There’s a new wrinkle in the minimum wage debate and it’s playing out on-stage.
Los Angeles is home to thousands of union actors working in the city’s small theater scene. They don’t earn much and that’s just fine with them as their reward is the experience and skills they’re gaining. In a public show of force they are saying no to the state’s minimum wage hike.
Actor’s Equity union represents actors who work in small and community theaters – those with 99 seats or fewer. The union has jumped at the chance to add its voice in support for higher minimum wages. However, a majority of its members disagree. They say that California’s $9 per hour minimum wage would cause them to lose their gigs, because the theaters just couldn’t afford it.
These aren’t headliners or big name celebrities but actors, stage hands and crews who perform for as much as $7 per performance but are hoping to hone their craft and possibly catch the eye of an agent or manager. They consider their work continuing education in addition to employment. They also enjoy the flexibility of being able to act, write, contribute to multiple projects, and perhaps hold down jobs elsewhere.
Taking time out of their schedules, these actors are showing fierce opposition to a minimum wage hike that might put them out of work by picketing the union's North Hollywood offices, flooding a town-hall meeting, and holding debates online. Some have threatened to resign their membership.
These actors and aspiring actors have done the math. They know that $9 per hour will put many of them out of work very quickly. For small stages that struggle to keep the curtains up by fundraising and ticket sales, paying low stipends keeps the curtain going up. Legally, they’ve been allowed to do this following a settlement decades ago between unions and actors in Los Angeles County so long as ticket prices remain low and production runs remain short. Apparently, these theaters are thriving.
Why then does the union want to change what will undoubtedly be detrimental to thousands of its members and the world of small theatres? Probably greed.
Actors' Equity, the national union that represents Ms. Odell and about 6,500 other stage performers in Los Angeles, says its members are selling themselves short. The union, seizing a moment when organized labor is having some success pressuring low-wage employers to pay higher salaries, says many of this city's small theaters — which currently pay actors nothing for rehearsals, and stipends as low as $7 per performance — should start paying California's minimum wage of $9 an hour.
But the union's effort to help boost actors' pay has prompted a vociferous backlash from its members, many of whom fear that higher pay will cause many theaters to disappear. In a nonbinding referendum conducted over the last several weeks, 66 percent of Equity members in Los Angeles voted against a mandatory minimum wage for small theaters.
"You want to be up onstage, you want to work out the acting muscles, not sitting on your couch waiting for an audition," said Tim Robbins, the Academy Award winning actor who, despite a high-profile Hollywood career, continues to run a small theater here called The Actors' Gang, and is a prominent advocate for small theaters less fortunate than his. "The only reason I was able to move into writing and directing movies and remain sane in this business has been my access to doing challenging work and testing myself in small theater."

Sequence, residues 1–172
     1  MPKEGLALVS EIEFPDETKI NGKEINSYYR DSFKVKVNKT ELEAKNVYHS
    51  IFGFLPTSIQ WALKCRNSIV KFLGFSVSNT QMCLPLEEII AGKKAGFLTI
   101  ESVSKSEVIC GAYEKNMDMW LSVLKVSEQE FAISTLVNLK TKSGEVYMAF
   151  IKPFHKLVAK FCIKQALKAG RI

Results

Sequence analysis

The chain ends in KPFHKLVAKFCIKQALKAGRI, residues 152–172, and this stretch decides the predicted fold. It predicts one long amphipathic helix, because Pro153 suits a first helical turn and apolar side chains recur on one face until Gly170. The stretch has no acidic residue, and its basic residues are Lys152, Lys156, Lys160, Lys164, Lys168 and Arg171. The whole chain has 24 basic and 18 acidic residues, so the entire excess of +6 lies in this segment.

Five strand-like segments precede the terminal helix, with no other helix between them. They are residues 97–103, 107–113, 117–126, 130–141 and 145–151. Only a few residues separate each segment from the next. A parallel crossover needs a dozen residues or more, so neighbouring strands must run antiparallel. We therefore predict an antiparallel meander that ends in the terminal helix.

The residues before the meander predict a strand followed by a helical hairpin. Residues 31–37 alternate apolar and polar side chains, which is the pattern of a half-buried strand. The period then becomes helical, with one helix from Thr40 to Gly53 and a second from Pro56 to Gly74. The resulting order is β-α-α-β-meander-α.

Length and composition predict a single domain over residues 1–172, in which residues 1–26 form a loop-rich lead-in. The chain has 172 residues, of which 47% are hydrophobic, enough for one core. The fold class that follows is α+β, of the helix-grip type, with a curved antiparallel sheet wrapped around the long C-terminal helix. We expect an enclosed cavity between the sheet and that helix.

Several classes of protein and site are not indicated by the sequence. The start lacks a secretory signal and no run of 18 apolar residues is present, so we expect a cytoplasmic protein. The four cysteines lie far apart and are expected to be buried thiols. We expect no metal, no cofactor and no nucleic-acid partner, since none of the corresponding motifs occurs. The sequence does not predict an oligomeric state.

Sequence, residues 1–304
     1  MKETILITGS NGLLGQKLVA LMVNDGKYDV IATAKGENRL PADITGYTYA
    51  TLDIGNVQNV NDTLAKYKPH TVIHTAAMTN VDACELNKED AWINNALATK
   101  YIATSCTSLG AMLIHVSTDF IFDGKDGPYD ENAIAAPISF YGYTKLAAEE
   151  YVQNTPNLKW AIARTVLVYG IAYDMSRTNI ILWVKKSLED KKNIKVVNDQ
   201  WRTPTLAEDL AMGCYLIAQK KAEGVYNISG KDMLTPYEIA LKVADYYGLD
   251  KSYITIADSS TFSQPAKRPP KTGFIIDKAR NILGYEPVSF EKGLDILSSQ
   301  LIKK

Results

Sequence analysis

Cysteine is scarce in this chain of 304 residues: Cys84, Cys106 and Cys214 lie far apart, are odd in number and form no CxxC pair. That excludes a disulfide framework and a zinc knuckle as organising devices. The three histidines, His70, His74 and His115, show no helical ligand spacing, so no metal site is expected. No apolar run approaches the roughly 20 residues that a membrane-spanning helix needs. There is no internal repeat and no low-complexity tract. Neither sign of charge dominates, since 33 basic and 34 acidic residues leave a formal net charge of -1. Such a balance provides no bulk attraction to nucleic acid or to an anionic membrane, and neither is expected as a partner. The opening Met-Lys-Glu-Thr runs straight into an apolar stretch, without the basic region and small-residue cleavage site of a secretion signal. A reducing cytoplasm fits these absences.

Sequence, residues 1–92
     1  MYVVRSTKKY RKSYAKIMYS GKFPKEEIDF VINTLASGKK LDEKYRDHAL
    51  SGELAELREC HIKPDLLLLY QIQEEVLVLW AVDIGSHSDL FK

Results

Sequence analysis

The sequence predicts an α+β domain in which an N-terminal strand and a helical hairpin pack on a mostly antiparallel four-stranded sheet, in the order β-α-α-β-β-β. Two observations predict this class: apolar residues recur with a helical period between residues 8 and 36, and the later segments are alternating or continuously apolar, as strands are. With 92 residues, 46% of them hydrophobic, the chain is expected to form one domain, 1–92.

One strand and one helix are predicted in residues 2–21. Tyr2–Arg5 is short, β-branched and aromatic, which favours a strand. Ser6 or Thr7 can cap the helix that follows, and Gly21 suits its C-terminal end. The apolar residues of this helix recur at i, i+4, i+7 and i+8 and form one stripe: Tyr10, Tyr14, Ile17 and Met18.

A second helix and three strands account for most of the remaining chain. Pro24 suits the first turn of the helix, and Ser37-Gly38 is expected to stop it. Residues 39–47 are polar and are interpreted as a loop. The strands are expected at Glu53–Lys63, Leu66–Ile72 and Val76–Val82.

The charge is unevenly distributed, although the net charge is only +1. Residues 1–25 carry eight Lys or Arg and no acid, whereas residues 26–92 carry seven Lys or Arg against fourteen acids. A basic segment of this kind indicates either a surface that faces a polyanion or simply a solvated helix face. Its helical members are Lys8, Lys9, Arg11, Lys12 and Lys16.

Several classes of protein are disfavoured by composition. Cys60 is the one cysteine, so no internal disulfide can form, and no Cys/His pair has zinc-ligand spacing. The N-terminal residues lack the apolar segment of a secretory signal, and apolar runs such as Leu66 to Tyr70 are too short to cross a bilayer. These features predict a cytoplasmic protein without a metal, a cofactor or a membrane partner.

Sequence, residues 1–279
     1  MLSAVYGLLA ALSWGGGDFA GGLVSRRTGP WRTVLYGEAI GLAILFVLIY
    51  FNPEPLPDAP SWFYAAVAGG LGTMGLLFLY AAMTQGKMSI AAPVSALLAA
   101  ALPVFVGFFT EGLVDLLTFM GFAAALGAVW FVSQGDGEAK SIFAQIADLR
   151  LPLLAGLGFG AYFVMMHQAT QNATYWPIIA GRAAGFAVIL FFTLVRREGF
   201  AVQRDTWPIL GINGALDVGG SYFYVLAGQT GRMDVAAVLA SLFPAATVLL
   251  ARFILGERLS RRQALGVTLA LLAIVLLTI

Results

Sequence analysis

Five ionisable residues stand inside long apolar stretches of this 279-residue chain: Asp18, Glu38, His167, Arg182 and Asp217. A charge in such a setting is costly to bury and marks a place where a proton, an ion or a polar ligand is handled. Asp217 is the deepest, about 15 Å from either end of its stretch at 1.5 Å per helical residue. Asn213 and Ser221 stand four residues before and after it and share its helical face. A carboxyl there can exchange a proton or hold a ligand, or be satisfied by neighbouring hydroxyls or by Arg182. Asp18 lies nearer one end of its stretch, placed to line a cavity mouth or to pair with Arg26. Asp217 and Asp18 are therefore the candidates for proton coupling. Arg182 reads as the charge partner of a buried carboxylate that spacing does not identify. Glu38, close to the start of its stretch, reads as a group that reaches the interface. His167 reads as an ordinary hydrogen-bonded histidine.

The actors defend the minimal payment for small theater work by saying that Los Angeles is not like the rest of the country: There is a huge population of performers looking for exposure, relatively low levels of philanthropic and governmental support for theater, and a consensus that the place to make money in acting here is in film and television. One indication of how distinctive the Los Angeles theater scene is: the highly regarded Antaeus Theater Company has for years formed two full casts for each of its productions, knowing that at any point an actor might have to skip a performance to tape a television episode or audition for a film.
The union points out that there are small theaters in other parts of the country that pay union actors more than a stipend. And, the union says, even in Los Angeles some of the small theaters pay musicians, publicists, box office workers — just not actors.
What we have are workers who are smart enough to realize that their industry is unique and that one-sized-fits-all policies such as raising state’s minimum wage will have a real and painful impact on their careers.
Imagine if every company that recruits interns were forced by law to pay them (as many politicians advocate)? Many young people would lose valuable opportunities to gain insight, experiences, connections and skills in fields that they desire entering. It’s not too different in this case.
This is also a reminder that low wages are not lifetime sentences. Workers earn low wages because they possess few or no skills. These are jobs that are meant to get them started and they move on from there. The majority of minimum wage workers are young people who are building much-needed skills – not those supporting families as is often the picture painted by progressives and politicians.
These actors are right to push back. It’s their careers and livelihoods that are stake.